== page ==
This is a reflection on masculinity from today’s Franciscan Media’s Minute Meditation.

fatherhood masculinity

A masculine spirituality would be one that encourages men to take the radical gospel journey from their own unique beginning point, in their own unique style, with their own unique goals— which is what we end up doing anyway, but now with no doubt or apology or need to imitate others. That takes immense courage and self-possession. Such a man has life for others and knows it. He does not need to push, intimidate or play the power games common to other men because he possesses his power with surety and calm self-confidence. He is not opinionated or arrogant, but he knows.  He is not needy of status symbols because he draws his identity from God and from within. He does not need customised briefcases and underwear; his identity is settled and secure. He possesses his soul and does not give it lightly to corporations, armies, nation-states or the acceptable collective thinking.

—from the book From Wild Man to Wise Man: Reflections on Male Spirituality by Richard Rohr, OFM



This was my homily for Trinity Sunday.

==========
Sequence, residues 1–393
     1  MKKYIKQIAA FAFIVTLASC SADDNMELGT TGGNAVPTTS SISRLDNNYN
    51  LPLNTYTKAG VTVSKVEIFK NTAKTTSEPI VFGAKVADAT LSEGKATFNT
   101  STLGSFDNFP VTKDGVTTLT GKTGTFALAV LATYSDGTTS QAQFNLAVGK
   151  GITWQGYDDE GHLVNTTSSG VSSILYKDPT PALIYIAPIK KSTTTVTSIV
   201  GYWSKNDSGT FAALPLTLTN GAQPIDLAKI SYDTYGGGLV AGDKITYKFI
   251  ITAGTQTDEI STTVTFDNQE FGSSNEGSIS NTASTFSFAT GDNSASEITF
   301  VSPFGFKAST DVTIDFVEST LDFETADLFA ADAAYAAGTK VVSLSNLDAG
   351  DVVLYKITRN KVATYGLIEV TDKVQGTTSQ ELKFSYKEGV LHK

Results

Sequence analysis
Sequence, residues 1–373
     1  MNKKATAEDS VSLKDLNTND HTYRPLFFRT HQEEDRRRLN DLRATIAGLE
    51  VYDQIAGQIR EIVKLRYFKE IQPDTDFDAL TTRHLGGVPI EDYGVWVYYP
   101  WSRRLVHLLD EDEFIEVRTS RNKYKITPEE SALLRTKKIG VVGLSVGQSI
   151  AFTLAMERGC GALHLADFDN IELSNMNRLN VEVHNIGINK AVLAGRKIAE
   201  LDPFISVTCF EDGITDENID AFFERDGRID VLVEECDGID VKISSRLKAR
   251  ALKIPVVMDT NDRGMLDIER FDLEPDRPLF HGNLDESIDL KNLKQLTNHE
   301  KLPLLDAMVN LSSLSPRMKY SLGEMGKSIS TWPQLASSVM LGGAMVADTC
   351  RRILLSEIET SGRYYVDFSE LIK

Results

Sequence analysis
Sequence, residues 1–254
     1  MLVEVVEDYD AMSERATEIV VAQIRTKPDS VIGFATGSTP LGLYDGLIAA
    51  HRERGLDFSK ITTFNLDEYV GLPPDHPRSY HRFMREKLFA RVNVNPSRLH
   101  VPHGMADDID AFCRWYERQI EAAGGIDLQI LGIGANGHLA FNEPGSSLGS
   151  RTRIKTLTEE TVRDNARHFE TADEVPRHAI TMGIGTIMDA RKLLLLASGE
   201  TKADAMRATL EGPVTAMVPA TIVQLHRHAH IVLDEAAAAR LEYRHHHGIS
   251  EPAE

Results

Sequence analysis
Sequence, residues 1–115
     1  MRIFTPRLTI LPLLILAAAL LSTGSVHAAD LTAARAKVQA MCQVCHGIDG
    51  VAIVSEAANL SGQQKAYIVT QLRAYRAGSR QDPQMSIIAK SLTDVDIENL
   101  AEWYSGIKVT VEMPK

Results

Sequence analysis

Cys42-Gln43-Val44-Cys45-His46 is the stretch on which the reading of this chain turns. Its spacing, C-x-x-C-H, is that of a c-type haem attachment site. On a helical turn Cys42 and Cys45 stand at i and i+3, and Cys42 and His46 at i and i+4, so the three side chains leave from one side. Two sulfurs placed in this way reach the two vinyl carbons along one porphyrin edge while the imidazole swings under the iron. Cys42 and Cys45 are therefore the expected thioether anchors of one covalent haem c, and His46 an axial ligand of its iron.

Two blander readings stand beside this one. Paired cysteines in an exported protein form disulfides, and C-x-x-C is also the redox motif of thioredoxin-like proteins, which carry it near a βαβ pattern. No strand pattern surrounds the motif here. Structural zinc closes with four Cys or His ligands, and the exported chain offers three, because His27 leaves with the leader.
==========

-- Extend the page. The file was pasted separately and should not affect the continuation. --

st-augustine1St Augustine (+430AD) is arguably the greatest mind of the Church’s 2000 year history and indeed one of the great mind of the western world too.

It is reputed that one day he was walking along a beach pondering some aspect of God or the Trinity without any great success. He saw nearby a boy who had dug a hole in the sand. The boy was going down to the water’s edge with a bucket and drawing water to pour into the hole. He asked the boy what he intended to do. The boy answered that he wanted to empty the ocean into the hole. Augustine saw it immediately as a sign from God that his effort to work out the Trinity was going to have the same limited success as the little boy’s endeavours!

God, the Creator of Heaven and Earth and everything else that exists will always be an absolute, inexhaustible and incomprehensible mystery. If we are humble enough however, our first response will not be to try and solve the mystery like a crossword puzzle but to kneel down and give adoration, praise and glory to such a great Creator.

When in the Rosary we conclude each decade with the GLORY BE, we usually say it at a mile a minute and never absorb the richness of what it says: “Glory be to the Father and to the Son and to the Holy Spirit, as it was in the beginning, is now and ever shall be, world without end.” It is good to slow down at times and really ponder the meaning of what we are saying.

nIGHT SKYOne aid to a heart-felt appreciation of God’s greatness is to contemplate the beauty and wonder of Creation, his handy-work. A good example is to go out on a cloudless night and look up into the heavens at the moon and stars. This is the starting point of today’s psalm: “When I see the heavens, the work of your hands, the moon and the stars which you arranged, what is man that you should keep him in mind, mortal man that you care for him.”

The hymn HOW GREAT THOU ART is one excellent expression of this (see YouTube link below).